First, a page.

Skip to main content
Outreach Director Michael Vazquez grabs a selfie after a meeting of Bartlett Reserve’s “Brainstorming” Philosophy Program. He stands masked in front of a group of people taking a selfie.
Outreach Director Michael Vazquez grabs a selfie after a meeting of Bartlett Reserve’s “Brainstorming” Philosophy Program in Durham in spring 2022.

Philosopher Juliana Bidadanure recently addressed the Carolina community in Caldwell Hall and underscored the imperative that we as a society “establish communities where young and old are able to stand, and relate to one another, as equals.”* Her call resonated with Carolina Philosophy. The department has made a mission of creating intergenerational spaces for young and old to discuss some of life’s most pressing questions, together as equals.   

‘Seeking wisdom across the ages’ is the vision behind our course “Philosophy Across the Lifespan,” in which UNC undergraduates engage in philosophical dialogue with older adults from across the community, including regular class sessions and “intergenerational peer review” on philosophical op-eds written by UNC students. Thanks to the kindness and leadership of Orange County Department on Aging Director Janice Tyler and Senior Centers Administrator Myra Austin, the philosophy department has created a truly public space for intergenerational dialogue at Chapel Hill’s state-of-the-art Robert and Pearl Seymour Center. The course was developed in Spring 2020 in response to the unique challenges posed by the COVID-19 pandemic, and it continues as a fixture of the department’s experiential education coursework. One of the pillars of the program is UNC’s own Retired Faculty Association, whose members have taught and learned philosophy alongside younger Tar Heels since the program began.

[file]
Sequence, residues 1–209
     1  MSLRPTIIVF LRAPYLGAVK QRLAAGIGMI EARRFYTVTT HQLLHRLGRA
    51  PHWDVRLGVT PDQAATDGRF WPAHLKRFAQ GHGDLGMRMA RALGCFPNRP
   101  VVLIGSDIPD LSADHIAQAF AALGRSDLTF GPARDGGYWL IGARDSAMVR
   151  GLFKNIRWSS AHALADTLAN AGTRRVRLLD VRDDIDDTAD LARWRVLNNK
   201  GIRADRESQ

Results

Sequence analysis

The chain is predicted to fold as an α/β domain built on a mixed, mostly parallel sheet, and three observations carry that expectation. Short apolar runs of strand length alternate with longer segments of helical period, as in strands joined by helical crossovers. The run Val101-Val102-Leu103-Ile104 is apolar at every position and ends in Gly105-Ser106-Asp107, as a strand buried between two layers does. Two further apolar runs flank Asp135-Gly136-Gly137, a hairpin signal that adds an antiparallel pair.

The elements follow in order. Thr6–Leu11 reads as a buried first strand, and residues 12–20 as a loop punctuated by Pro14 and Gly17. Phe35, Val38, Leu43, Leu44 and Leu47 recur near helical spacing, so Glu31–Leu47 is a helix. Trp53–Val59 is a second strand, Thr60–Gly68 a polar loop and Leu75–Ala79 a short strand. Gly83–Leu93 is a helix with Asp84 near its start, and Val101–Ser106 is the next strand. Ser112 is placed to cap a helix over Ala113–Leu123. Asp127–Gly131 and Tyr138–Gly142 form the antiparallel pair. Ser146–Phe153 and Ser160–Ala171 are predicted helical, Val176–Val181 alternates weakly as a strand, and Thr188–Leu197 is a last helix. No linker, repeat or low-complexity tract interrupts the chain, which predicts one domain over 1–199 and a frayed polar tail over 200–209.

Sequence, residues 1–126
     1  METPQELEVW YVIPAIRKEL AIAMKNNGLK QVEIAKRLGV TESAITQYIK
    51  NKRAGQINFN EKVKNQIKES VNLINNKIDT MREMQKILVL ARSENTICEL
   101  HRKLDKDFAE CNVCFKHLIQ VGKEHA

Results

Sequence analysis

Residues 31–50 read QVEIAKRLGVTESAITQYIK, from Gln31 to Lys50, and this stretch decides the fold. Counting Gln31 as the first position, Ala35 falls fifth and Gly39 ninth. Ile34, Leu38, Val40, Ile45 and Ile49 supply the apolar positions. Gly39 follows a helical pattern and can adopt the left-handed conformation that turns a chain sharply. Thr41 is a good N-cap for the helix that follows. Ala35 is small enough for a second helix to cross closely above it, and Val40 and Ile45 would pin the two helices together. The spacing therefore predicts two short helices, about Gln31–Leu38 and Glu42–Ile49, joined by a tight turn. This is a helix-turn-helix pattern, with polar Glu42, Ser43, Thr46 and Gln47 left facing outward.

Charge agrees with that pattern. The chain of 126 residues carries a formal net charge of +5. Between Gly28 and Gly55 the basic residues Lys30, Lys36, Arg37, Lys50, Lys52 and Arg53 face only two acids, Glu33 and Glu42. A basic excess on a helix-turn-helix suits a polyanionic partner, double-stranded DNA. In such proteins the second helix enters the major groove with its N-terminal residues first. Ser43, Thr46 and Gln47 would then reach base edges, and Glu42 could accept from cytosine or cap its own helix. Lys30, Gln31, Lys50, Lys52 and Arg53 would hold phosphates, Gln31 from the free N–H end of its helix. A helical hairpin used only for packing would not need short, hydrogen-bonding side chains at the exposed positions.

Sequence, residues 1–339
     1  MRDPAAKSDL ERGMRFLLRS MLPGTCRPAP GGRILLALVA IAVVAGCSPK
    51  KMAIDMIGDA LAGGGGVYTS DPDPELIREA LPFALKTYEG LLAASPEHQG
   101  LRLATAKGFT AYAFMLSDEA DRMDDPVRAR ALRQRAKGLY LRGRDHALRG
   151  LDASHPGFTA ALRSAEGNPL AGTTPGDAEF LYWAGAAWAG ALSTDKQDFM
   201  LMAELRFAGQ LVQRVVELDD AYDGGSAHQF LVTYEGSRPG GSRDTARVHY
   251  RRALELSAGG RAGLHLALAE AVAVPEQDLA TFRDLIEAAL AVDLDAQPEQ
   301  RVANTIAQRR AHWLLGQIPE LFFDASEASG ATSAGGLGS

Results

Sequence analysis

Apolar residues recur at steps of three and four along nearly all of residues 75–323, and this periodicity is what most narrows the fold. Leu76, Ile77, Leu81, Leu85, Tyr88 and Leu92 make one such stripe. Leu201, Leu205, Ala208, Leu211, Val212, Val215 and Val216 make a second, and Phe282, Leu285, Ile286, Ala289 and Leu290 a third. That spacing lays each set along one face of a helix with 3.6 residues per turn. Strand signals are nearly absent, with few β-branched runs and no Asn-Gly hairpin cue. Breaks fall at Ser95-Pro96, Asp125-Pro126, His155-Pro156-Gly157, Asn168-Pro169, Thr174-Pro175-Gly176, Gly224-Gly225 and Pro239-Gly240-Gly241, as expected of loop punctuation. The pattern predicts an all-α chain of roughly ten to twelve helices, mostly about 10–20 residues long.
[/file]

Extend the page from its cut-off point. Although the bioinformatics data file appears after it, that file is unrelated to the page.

Philosophy PhD student Michael Prinzing stands in front of a classroom.
Philosophy Ph.D. student Michael Prinzing delivers a talk on duties to the globally poor as part of the Carolina Meadows-UNC Philosophy Colloquium Series in spring 2022.

The philosophy department also has longstanding partnerships with retirement communities across the Triangle area. Our partners this academic year include Galloway Ridge at Fearrington, Carol Woods Retirement Community, Carolina Meadows Retirement Community, and Bartlett Reserve Independent Living Community. The structure and content of our programs is driven by participants. In some cases that involves discussion groups on different ethical and political dilemmas, in others a curated lecture series by PhD students in philosophy at UNC, and in others still, traditional reading groups about a specific topic like ancient philosophy.  

We believe philosophy is for everyone. Thinking philosophically is part of being human. Our hope is that we can provide the resources and the space for folks of all ages to deepen their engagement with these questions. And in a world increasingly spatially and socially segregated by age, it is more important than ever to do so in an intergenerational way. That’s why our undergraduates, graduate students, and faculty have committed countless hours to promoting intergenerational philosophy.  

To mark the end of another year of successful intergenerational community partnerships, we would like to extend an open invitation to the public to attend the final meeting of our Intergenerational Philosophy class on May 5 at 12 p.m. There will be opportunity for intergenerational listening and dialogue on ethics and philosophy. If you would like more details, or if you wish to RSVP, email Outreach Director Michael Vazquez (  

The Philosophy Outreach Program works with K-12 schools, libraries, museums, retirement communities, prisons, professional organizations and more to promote lifelong philosophical and ethical reflection. To learn more about the Program’s efforts, click here.

* The quotation is from Juliana Bidadanure’s book, Justice Across Ages: Treating Young and Old as Equals (p.8).

By Michael Vazquez, teaching assistant professor and director of outreach for the department of philosophy and the Parr Center for Ethics

Comments are closed.